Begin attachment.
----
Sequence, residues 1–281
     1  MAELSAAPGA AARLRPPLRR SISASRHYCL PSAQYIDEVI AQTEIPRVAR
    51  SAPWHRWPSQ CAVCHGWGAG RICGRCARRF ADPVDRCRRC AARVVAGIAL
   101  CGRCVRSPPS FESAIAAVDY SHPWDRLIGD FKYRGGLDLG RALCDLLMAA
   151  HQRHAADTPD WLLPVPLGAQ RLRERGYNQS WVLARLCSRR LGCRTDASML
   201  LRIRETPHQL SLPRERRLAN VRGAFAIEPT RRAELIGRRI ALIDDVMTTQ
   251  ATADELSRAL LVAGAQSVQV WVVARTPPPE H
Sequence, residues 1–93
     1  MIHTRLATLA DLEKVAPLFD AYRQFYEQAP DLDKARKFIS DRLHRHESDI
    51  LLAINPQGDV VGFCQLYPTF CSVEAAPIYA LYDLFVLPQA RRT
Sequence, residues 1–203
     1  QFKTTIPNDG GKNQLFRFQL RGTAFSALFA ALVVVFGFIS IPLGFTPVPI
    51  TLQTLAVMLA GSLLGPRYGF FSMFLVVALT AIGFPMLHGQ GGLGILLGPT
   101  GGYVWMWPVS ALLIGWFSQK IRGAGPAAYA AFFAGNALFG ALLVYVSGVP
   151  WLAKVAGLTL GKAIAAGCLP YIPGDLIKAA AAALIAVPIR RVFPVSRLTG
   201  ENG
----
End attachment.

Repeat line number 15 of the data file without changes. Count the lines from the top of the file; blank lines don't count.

   151  WLAKVAGLTL GKAIAAGCLP YIPGDLIKAA AAALIAVPIR RVFPVSRLTG